Line and Prep Cook Training in Quick-Service and Fast Casual Restaurants

Line Cook Training | Prep Cook Training | SynergySuite

While customers rarely, if ever, interact with the cooks in your quick-service or fast casual restaurant locations, you know that what they’re really there for is the food!

That said, as you well know, the transformation of basic food ingredients and supplies into deliciously prepared meals is not instantaneous. Well-trained prep and line cooks are the beating heart of the restaurant industry and are vital for efficient kitchen operations and good customer experiences. They are as much a part of a consistent and enjoyable customer experience as your customer-facing employees, and so proper line and prep cook training is vital for your restaurant business.

Restaurant Training Guide | SynergySuite

Prep Cooks vs. Line Cooks: What’s the Difference? 

Generally speaking, the main differences between prep cooks and line cooks are the tasks they are responsible for and the level of experience and skill required for each position. They both work with all the staff in the kitchen and keep things running smoothly, but knowing how best to utilize each of their abilities can run your operation efficiently in even the most chaotic of times. 

A prep cook is typically responsible for, well, food prep. Their primary function is preparing all the ingredients that will eventually be turned into delicious meals for your restaurant. Depending on your menu needs and your internal workflow, prep cook responsibilities can sometimes be completed by front-line crew members, or even prepared in a ghost kitchen and delivered already prepared. Prep cooks generally do not need as much experience or restaurant training as line cooks, as they are responsible for more basic tasks. In many establishments, prep cooks have an earlier shift in the day to prepare everything, but may not be needed at all throughout the rest of the day’s shifts.

Prep cooks may also be responsible for putting items away, keeping the area clear for the cook staff, maintaining the kitchen equipment, and ensuring hygiene and cleanliness of the kitchen. They can help label ingredients to help organize food storage, and it’s not uncommon for prep cooks to assist the line cooks in preparing meals if it’s useful. It’s not uncommon for prep cooks who can add additional responsibilities and keep their station functioning to easily transition to becoming a line cook.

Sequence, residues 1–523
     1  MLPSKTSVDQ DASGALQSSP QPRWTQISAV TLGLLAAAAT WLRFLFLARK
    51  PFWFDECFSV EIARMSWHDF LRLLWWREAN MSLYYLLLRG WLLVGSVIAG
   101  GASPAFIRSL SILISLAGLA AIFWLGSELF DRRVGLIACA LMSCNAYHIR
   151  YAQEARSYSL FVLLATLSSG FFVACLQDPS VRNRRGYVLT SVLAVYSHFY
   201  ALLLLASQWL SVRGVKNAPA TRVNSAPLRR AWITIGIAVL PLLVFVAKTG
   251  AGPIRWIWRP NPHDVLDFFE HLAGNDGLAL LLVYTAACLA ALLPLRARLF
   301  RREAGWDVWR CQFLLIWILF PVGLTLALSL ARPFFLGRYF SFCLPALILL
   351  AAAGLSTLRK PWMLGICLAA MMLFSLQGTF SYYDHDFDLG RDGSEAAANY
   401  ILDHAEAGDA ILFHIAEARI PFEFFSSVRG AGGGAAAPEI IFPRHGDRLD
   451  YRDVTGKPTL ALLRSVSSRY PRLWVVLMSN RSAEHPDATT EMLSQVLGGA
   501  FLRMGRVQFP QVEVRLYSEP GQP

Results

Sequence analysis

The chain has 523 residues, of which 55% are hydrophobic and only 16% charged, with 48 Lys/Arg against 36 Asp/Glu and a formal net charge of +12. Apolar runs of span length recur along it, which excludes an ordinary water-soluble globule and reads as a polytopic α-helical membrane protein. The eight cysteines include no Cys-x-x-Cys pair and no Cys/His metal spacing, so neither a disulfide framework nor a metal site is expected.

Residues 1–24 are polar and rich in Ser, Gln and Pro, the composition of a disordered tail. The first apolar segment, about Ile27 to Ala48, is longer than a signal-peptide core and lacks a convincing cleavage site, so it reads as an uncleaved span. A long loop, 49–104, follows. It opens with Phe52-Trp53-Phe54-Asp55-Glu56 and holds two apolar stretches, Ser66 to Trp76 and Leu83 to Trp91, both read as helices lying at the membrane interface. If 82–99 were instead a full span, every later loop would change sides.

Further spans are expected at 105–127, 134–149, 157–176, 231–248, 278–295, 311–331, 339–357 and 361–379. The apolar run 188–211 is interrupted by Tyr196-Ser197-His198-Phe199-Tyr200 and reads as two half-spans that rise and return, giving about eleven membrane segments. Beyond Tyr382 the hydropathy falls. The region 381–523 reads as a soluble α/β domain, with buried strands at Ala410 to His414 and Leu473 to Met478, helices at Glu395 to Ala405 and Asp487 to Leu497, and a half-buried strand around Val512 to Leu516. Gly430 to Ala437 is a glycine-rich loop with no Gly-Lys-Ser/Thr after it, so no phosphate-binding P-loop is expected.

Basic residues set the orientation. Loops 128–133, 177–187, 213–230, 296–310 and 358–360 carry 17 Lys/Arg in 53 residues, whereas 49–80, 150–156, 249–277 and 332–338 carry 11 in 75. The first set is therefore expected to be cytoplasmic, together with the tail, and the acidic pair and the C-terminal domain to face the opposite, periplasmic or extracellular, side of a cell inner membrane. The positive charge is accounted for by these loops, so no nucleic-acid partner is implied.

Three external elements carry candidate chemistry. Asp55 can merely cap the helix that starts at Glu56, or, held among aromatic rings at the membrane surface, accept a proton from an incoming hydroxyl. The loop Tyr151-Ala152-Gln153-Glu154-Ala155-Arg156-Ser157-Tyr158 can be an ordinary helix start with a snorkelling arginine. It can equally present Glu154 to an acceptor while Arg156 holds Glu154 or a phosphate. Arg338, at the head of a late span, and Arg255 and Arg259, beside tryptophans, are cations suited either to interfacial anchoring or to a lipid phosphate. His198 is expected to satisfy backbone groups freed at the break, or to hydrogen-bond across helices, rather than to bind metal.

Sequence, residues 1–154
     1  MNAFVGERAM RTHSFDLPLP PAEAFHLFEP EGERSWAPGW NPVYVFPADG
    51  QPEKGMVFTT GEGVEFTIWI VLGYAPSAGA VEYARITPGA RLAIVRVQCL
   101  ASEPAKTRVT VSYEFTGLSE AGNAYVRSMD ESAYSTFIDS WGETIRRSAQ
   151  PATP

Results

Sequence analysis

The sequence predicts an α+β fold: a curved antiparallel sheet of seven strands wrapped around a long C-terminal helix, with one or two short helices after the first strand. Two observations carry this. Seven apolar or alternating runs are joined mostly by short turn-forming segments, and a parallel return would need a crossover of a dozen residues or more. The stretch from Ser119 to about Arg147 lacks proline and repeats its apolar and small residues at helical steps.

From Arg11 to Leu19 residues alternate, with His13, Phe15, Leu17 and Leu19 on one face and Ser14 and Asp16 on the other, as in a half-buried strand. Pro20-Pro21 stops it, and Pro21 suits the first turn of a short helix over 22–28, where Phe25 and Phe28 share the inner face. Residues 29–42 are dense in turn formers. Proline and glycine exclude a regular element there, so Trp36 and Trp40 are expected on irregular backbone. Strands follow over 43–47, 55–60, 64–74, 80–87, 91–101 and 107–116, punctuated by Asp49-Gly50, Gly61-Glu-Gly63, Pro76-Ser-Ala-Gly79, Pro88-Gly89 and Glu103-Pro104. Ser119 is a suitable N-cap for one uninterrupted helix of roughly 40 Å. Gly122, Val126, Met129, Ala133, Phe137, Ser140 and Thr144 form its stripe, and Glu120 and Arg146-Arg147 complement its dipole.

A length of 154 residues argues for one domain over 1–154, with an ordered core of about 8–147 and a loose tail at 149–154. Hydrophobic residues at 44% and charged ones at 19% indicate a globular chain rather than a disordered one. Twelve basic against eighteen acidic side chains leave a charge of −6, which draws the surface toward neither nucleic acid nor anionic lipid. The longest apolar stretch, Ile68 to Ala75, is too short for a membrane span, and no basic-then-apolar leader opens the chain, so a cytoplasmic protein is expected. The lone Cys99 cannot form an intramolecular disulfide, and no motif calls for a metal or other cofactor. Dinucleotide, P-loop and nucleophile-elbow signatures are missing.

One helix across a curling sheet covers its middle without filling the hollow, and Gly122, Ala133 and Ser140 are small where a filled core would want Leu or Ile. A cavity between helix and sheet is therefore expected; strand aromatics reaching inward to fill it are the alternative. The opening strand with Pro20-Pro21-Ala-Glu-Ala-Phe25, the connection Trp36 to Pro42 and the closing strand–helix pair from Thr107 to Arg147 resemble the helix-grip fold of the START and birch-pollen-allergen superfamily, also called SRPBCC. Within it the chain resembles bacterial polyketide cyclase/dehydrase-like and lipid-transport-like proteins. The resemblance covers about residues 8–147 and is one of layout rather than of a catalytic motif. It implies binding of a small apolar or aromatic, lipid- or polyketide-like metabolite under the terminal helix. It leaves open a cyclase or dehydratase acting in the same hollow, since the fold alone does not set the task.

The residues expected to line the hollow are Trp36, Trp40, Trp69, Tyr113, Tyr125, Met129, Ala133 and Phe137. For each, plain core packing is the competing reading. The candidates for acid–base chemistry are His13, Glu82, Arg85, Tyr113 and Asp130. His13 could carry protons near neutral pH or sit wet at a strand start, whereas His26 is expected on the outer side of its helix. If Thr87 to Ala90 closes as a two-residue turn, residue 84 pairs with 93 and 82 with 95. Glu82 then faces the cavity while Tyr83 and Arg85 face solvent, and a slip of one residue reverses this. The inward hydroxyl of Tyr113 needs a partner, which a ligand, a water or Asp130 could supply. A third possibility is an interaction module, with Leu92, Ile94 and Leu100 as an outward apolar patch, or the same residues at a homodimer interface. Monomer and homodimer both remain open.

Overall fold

The line cook is generally more responsible for the actual cooking and preparing of your menu items. They use the already-prepped ingredients to put together the finished product. The line cook job involves working and communicating closely with the rest of the cooking team, and communicating with the front-line team members to know when certain menu items are running low, or if there are special or customized orders to prepare. Generally speaking, the line cooks are responsible for following recipes, ensuring any required changes are implemented, plating or transporting the finished dishes for service, and then cleaning their station between tasks. 

Prep Cook Training | SynergySuite

Prep Cook Responsibilities and Training

The training required for a prep cook will depend on the specific needs of the restaurant and the level of experience and skill desired for the position. Some prep cooks may have completed formal education at a culinary school, while others may have learned their skills through on-the-job kitchen experience or apprenticeships in the culinary industry. In most quick-service and fast casual restaurants, the prep cooks are more of an entry-level position to get someone started working in a kitchen.

Regardless of the specific training path, prep cooks should have strong technical skills, good communication and teamwork skills, and the ability to work well under pressure. While your store manager primarily manages the relationship between suppliers and the business, a prep cook may help to manage the logistical flow of ingredient inventory, ensure food safety standards are met, and communicate with managers when things are running low. 

Managing Inventory

Because the prep cook is most closely working with ingredient inventory and supplies, there are several tasks and responsibilities that may be best to train them on. This responsibility may be given to someone else in your organization, but generally the prep cook is a good candidate for helping with the inventory management of the ingredients and supplies they prepare on a day-to-day basis. 

Here are some of the inventory management tasks they may need to be trained on:

  • Accepting, labeling, and properly storing deliveries
  • Properly organizing supplies by date within the refrigerator/freezer/pantry to ensure waste is minimized and local regulations are followed 
  • Ensuring proper food safety and temperature guidelines are followed to avoid any health risks
  • Breaking down bulk items into manageable containers for easier storage and access